The Assasination of Archduke Franz Ferdinand: Europe on the Brink of World War I

From a lecture series presented by Professor Vejas Gabriel Liulevicius, Ph.D.

In 1914, the assasination of Archduke Franz Ferdinand in the Balkans triggered a diplomatic crisis. Six weeks later, Europe found itself on the brink of the 20th century’s first world war.

Painting of the Assassination of Archduke Franz Ferdinand, and his wife, the Duchess of Hohenberg
Assassination of Archduke Franz Ferdinand, and his wife, the Duchess of Hohenberg

The Assasination of Archduke Franz Ferdinand

On June 28, 1914, the heir to the Habsburg throne, Archduke Franz Ferdinand, and his wife were both assassinated in the capital of Bosnia, Sarajevo. The annexation of Bosnia/Herzegovina by Austria-Hungary in 1908 had itself sparked an international crisis. Denounced by Serbia and Russia—who felt that their own interests were being violated—the annexation in 1908 had been a moment when it seemed that general war might very well result. That had been smoothed over. The situation had cooled down; nonetheless, Serbian nationalists as well as their great Russian patrons had been left infuriated by the humiliation.

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Nationalism was a threatening force as far as the leaders of the Austro-Hungarian Empire were concerned. Austria-Hungary was a state of 50 million with many nationalities, some 11 or 12 major ones and many other smaller ones. The visit of the imperial couple was spectacularly ill timed, and you might almost think calculated to further inflame the nationalist passions of Serbs living in the region. The visit came on the precise day that marked the anniversary of a battle from the Middle Ages: the Battle of Kosovo in 1389. Serbia had been defeated by the Ottoman Turks at the Battle of Kosovo in 1389 and that date had enormous emotional significance for Serbian nationalists.

Painting of the Battle of Kosovo
Battle of Kosovo

A Haphazard Assassination

It seemed a repetition of historical patterns. The enemy might now be the Austro-Hungarians and the Habsburgs rather than the Ottomans, but the drama still had its emotional significance. The conspiracy of the terrorists who had converged on Sarajevo was a bumbling one, marked by tremendous miscalculation and failure of nerve. At a crucial juncture, it seemed to have failed. Many of the terrorists abandoned the plot.

Then a series of accidents, in particular, a wrong turn by the driver of the car of the imperial couple, allowed one young assassin, who had given up just previously, the opportunity to strike. He leapt up close to the car as it drove by and at point-blank range emptied his revolver into the car, killing the imperial couple.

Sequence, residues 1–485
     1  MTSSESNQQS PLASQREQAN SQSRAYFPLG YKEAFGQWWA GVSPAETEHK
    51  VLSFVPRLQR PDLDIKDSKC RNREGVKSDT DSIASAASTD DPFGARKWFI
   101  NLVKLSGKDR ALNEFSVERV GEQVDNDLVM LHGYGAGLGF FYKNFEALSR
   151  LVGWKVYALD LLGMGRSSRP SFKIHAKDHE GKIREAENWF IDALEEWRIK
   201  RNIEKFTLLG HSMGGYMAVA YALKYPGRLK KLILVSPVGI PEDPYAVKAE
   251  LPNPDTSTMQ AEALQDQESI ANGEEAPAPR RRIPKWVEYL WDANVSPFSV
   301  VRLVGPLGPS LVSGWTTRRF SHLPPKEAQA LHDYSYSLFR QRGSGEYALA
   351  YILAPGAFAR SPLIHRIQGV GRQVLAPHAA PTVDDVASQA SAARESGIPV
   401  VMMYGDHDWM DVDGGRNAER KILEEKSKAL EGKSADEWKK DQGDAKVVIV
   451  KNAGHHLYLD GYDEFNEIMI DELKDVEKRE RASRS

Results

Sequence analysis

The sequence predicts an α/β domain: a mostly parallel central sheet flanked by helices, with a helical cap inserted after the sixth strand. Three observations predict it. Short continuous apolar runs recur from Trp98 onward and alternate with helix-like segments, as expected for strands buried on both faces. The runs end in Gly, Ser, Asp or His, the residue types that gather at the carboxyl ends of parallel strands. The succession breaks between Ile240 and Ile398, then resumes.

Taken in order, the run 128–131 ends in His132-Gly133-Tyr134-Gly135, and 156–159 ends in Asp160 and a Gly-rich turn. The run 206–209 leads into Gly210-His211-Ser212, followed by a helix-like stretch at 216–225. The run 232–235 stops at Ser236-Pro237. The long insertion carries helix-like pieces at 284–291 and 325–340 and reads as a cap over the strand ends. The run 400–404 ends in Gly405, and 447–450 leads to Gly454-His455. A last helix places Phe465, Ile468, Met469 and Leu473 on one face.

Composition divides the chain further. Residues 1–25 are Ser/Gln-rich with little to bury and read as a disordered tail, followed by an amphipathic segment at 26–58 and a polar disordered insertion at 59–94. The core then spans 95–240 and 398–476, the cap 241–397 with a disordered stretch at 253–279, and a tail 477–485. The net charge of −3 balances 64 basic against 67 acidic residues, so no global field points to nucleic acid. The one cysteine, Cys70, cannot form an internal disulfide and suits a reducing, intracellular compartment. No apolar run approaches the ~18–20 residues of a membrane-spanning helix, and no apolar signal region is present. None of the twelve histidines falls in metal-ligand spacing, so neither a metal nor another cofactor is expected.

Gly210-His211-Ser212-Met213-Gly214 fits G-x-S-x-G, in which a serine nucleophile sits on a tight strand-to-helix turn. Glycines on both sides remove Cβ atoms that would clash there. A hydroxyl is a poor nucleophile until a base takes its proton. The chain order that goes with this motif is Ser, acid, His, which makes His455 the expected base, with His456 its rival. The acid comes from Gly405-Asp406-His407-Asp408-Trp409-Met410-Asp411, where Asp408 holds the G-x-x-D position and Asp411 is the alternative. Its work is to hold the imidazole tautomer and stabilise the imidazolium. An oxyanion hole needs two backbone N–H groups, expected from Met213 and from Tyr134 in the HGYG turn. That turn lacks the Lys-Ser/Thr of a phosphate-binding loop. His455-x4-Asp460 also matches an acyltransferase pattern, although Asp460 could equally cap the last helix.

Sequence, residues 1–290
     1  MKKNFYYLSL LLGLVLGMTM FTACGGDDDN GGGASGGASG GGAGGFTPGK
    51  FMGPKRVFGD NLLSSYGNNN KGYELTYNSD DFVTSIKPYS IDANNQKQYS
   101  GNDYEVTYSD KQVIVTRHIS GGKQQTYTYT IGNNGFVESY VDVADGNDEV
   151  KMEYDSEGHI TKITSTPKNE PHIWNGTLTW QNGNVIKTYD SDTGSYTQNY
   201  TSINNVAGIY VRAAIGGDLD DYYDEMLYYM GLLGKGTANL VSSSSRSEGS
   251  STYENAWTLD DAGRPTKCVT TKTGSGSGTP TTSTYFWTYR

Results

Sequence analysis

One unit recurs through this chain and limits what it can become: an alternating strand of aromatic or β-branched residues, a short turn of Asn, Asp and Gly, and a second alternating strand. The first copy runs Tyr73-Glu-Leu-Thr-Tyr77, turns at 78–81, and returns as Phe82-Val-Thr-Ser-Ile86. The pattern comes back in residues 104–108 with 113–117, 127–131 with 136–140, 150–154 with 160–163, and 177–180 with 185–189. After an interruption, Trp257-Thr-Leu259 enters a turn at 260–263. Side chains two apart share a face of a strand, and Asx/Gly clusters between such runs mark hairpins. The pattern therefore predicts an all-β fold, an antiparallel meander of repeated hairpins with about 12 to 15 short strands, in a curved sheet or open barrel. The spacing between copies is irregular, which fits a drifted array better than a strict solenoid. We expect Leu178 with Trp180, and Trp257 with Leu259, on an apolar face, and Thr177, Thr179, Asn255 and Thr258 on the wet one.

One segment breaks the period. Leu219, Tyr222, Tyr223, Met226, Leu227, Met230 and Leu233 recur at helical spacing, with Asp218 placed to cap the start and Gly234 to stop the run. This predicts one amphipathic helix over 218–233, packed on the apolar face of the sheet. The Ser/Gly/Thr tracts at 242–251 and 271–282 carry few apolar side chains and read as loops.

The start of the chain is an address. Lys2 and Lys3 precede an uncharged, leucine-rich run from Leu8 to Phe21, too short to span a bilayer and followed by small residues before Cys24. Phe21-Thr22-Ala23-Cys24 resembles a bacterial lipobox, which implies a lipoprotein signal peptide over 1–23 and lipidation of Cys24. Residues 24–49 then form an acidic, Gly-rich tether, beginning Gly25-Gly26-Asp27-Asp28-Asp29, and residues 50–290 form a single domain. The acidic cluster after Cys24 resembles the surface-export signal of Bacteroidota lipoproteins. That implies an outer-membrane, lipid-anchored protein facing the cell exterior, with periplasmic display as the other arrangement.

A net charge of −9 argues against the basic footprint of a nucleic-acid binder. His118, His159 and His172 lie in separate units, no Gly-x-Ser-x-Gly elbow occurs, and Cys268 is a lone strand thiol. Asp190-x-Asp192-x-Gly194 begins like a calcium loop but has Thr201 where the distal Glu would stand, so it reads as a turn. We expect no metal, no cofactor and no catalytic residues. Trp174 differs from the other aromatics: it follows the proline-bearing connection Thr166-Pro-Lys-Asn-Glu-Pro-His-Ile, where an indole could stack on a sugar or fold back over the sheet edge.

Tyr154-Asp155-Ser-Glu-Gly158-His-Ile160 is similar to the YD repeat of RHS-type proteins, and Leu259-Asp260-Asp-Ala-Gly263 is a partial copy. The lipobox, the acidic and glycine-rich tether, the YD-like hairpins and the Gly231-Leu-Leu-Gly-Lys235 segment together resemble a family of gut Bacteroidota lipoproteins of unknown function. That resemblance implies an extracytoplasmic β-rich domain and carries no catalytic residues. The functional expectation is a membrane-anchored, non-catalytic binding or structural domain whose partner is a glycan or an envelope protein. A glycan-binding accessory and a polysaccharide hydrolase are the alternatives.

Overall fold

The plotters belonged to a Serbian nationalist group whose aim was the union of Bosnia/Herzegovina with the neighboring kingdom of Serbia. While the plotters did have contact with some Serbian officials, the terrorists were not directed by the Serbian government itself, which is what the Austro-Hungarian government claimed in reaction to this atrocity. Austro-Hungarian officials were convinced that a decisive moment had arrived and they needed to take immediate action.

At first, however, nothing appeared to happen. Many people felt that this was due to the sort of very relaxed and laissez-faire attitude of officialdom in general. In fact, what was happening behind the scenes was diplomacy, which was expanding the crisis.

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Germany Issues a “Blank Check”

Austria-Hungary reacted, first of all, by consulting its far stronger ally in the Dual Alliance, imperial Germany, and asking whether Germany would support energetic action against Serbia in reaction to this atrocity. On July 5 and 6, 1914, as a result of these communications, the Austro-Hungarian officials received what came to be called afterward a “blank check” from the German officials to act against Serbia with German support. Germany’s power as a backer of the Austro-Hungarian effort was formidable. Germany had a very modern army and a strong population of 65 million. The Austro-Hungarians now were emboldened to take decisive action.

They drafted an ultimatum leveled against the Serbian government that, after strategic delay, was sent to Serbia on July 23, 1914. The ultimatum, which was going to expire in 48 hours and to which the Serbs had to respond yes or no, was actually designed to be unacceptable. It had demands for Austrian investigations within Serbia, which in essence would have abrogated the sovereignty of Serbia, and many European diplomats were shocked at the content of this ultimatum even though they had earlier had sympathies for what they saw as the justified complaints of Austria-Hungary.